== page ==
5829 questions

Describe and explain the formation of headlands and bays.

Headlands and bays result from coastlines that are formed of alternate sections of hard and soft rock. The areas of soft rock are more easily and quickly eroded whereas the harder rock is more resistant to processes of weathering and erosion. Where harder rock is present, headlands occur and where softer rock is being eroded, bays are formed. The processes of erosion that take part in this can be hydraulic action, attrition and different types of weathering. Constant attacking of the waves and material from the sea on the cliff face causes erosion of soft rock, leaving bits of land 'jutting out'.
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Sabrina W. A Level Geography tutor, GCSE Geography tutor, A Level Dra...

3 hours ago

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Which words are hyphenated?

Let's cover some of the cases. Adjectives The hyphen is required in adjectives which: 1. Denote the shade or combination of colors: светло-розовый, красно-желтый. 2. Derived from the compound nouns: бета-активный. 3. Сonsist of equal parts: Русско-Английский. 4. With use of the prefix "half": пол-лемона. Prepositions The hyphen is written if the following prepositions are used: из-под, из-за, по-за,по-над. Particles These particles are integrated in the text with the hyphen as well: -нибудь, -то, -тка, -либо, кое-. Numerals Remember that the numerals are written with the hyphen when there is a number in front of the word: 7-тысячный, 5-сотый. I hope this helps:)
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Anastasia Y. A Level Russian tutor, GCSE Russian tutor

5 hours ago

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How to write a good conclusion

The conclusion of your essay is where the question, and your argument, are directly addressed. As it takes place at the end of the essay many candidates will overlook the conclusion, leaving little time for it. As a result, the conclusion is often left rushed and poorly thought out. This can be a severe mistake as the conclusion is the final impression you will give the examiner of your argument, your factual knowledge, and the capability of your essay writing skills. To write an impactful conclusion you should essentially be condensing your essay into one paragraph. To do this you will have to be extremely critical of your own work. What are the best parts of your essay? What facts best support your argument you are trying to push, extract these from your essay and implement them in your conclusion. You should shy away from just readdressing each paragraph in a sentence, as this can lead to a repetitive essay that doesn’t show a great depth of skill. Rather you should address each point you make by drawing up the similarities or difference to each point. So rather than saying “The conservatives lost the 1906 election because, they lost the Boer war (1899-1902). To add to this, they failed to address any issues of poverty that had become evident during this time. Thirdly, they failed to have a clear stance on the free trade debate at the time.” Instead, sum up your argument and afterwards explain it by knitting and interweaving the several points you made throughout your essay in your conclusion, making links between them. This makes your argument clear in a new and interesting way. “The Conservative party lost the 1906 election not necessarily because the Liberal party was the popular candidate but rather because of how unpopular the Conservatives had become over the previous years in a variety of voter’s concerns. The disaster of the Boer war demonstrated the Conservative government’s incapability in foreign ventures. They also had become synonymous with the idea of uncaring leadership both domestically and in foreign relations. The Boer war demonstrated the ‘acts of barbarism’ the government was willing to take and their inaction towards the scaling evidence of poverty in the country led many to believe the government was cold. With the addition of the Party being so divided on the hotly debated topic of tariff form meant overall voters began to believe the conservatives were now incapable of decisive leadership, leading to their landslide loss in the 1906 election.”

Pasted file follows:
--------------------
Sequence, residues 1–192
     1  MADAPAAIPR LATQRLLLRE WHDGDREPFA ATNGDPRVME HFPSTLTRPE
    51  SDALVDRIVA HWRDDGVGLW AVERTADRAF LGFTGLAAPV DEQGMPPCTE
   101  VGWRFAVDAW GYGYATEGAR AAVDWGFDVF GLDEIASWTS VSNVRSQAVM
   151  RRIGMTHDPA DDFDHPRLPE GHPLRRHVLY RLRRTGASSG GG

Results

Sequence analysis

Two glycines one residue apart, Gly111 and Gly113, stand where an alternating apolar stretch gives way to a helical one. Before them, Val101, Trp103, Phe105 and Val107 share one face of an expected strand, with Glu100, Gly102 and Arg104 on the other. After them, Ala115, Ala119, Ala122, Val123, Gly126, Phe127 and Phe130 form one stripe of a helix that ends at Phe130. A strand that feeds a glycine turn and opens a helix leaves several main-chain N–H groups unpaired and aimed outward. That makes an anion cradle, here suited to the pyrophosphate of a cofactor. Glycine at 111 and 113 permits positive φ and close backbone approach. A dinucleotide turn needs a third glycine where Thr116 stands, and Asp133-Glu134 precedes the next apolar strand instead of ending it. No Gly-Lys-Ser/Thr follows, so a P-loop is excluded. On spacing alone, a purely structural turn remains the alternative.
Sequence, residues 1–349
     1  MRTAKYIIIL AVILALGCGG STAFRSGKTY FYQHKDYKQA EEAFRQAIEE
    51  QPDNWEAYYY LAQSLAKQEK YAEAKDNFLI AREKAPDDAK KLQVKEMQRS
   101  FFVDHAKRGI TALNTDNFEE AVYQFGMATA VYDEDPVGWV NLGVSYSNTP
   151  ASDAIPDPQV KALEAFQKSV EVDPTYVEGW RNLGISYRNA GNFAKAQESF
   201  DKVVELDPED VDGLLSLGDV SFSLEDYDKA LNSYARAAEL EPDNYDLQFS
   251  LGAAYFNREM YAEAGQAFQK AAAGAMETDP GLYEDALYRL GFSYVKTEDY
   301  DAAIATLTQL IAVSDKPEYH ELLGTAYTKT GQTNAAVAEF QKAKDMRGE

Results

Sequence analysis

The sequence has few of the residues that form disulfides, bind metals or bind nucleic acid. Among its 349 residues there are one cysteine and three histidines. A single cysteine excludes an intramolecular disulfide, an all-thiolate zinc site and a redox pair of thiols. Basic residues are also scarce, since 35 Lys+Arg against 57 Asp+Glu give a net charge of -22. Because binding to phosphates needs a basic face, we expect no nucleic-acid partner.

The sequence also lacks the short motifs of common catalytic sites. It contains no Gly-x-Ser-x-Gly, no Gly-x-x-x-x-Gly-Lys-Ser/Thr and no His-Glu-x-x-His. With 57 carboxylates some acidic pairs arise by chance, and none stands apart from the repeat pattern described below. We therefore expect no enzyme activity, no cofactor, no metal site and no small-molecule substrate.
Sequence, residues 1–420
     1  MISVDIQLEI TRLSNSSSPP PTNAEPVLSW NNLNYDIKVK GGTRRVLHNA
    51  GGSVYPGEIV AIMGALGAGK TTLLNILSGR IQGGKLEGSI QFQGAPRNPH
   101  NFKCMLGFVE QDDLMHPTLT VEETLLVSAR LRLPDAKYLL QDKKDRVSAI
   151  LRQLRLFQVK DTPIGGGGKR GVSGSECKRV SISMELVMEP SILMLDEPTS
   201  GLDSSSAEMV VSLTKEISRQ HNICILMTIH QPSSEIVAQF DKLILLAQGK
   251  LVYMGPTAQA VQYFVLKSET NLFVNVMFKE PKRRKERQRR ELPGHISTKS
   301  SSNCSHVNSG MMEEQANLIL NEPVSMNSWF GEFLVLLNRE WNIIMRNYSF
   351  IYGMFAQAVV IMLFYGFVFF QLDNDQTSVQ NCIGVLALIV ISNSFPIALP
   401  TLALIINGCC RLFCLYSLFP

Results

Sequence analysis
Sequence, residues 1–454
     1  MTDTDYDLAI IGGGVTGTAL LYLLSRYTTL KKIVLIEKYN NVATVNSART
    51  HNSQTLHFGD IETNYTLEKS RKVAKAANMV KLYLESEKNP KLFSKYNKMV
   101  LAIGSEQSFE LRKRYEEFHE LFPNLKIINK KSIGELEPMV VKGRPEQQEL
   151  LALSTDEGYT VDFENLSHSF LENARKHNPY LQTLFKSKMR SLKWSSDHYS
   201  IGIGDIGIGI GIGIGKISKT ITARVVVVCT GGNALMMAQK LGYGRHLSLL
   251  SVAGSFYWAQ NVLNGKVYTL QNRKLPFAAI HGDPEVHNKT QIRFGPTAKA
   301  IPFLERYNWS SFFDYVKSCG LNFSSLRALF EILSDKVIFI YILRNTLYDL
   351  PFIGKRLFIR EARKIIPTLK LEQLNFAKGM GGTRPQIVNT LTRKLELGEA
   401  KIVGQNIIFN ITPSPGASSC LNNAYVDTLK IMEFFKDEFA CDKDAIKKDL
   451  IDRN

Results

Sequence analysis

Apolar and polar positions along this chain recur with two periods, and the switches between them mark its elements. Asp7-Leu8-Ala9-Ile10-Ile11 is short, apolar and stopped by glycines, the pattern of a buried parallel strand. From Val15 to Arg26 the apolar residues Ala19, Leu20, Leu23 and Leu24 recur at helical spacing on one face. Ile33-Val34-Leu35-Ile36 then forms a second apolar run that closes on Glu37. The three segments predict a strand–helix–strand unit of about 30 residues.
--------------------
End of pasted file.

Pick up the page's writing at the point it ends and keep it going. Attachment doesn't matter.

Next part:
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Daniel B. A Level History tutor, IB History tutor, GCSE History tutor...

6 hours ago

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How do I make my personal statement effective?

Although personal statements can seem like an overwhelming task, they don't need to be! They are what it says on the tin - a short piece of writing that’s about your interest in the subject and your experience. It can be difficult and might even seem cringe-worthy to write about yourself, but my main pieces of advice to avoid this, and make your personal statements more effective, are: 1. Avoid generic statements like ‘Since the age of 5 I’ve been interested in XYZ’. Instead, think about what genuinely interested you and made you apply for the subject, using evidence and perhaps referencing a particular occasion/lecture you attended/article you read to back this up. 2. Don’t use more words than you need to! Writing in simple language shows clarity and confidence, and makes it clear that you’ve got a genuine passion and are not hiding behind long words and sentences. 3. Focus on your skills. Even if you think you don’t have experience that is specific to your course, think again! For example, you might not have extensive experience of laboratory work, but perhaps you have held a job that required organisational skills and attention to detail – both of which are key for good scientific research. So, using simple language, focusing on your skills, and keeping your personal statement focused on the real-life experiences that led you to apply for the course will help make it a compelling piece of writing. Just take it step by step and you’ll get there!